No-till and cover cropping strategies help to build soil organic matter and sequester carbon, while also improving soil quality and retaining soil moisture. In a no-till field that will soon be planted to processing tomatoes, Fresno County UCCE advisor Dan Munk uncovers the residue from a winter cover crop of triticale.
These are a few examples of practices that can reduce greenhouse gases and increase climate resilience on our farms and ranches. Gov. Brown’s 2016–2017 proposed budget signals California’s ongoing support for these initiatives, including $20 million for SWEEP, $35 million for the dairy digester program and $20 million for the Healthy Soils Initiative. In addition, the proposed budget includes $40 million for the Sustainable Agricultural Lands Conservation Program, overseen by the Strategic Growth Council and administered by the Department of Conservation, and which supports the protection and sustainable management of California’s agricultural lands through planning and conservation via agricultural easements.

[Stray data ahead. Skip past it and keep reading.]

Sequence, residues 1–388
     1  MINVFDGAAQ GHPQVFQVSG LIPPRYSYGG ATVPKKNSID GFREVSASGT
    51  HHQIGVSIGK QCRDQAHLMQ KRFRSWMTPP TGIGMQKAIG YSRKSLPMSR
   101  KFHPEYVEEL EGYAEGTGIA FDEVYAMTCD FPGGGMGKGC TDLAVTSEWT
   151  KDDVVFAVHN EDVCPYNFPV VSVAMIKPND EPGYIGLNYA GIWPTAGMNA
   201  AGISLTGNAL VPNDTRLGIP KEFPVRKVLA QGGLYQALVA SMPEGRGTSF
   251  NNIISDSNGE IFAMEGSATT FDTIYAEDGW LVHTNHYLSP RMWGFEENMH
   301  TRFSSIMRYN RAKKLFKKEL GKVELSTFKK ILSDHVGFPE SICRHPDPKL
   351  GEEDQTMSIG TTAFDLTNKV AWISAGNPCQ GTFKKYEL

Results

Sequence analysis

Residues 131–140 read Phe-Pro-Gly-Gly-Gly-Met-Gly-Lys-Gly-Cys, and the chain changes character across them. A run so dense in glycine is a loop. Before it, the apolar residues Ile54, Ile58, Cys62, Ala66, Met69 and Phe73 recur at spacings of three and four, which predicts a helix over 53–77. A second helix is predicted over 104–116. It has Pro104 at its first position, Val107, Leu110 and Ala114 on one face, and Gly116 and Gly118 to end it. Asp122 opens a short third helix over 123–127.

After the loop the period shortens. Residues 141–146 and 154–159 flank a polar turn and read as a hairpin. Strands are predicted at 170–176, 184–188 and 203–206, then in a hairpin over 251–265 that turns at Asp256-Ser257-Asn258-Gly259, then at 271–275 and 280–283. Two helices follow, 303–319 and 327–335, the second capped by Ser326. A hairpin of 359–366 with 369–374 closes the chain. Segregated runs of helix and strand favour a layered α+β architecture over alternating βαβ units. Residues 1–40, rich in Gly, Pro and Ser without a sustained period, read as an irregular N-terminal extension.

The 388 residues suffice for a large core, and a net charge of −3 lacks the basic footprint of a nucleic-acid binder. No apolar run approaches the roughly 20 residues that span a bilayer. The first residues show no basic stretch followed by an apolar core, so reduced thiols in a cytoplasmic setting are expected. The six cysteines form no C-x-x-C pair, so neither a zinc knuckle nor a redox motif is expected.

Going forward, CDFA’s climate smart agriculture initiatives will be coordinated through the newly created Office of Environmental Farming and Innovation.
There is no doubt we can do more in the climate smart agriculture arena. As we continue to expand our work in this area, CDFA will continue to work closely with our partners, including the scientific and technical experts at the CSU and UC systems. We are fortunate in California to have such expertise available to support our food production system with sound research, an extensive technical support infrastructure and an enormously accomplished agricultural extension service.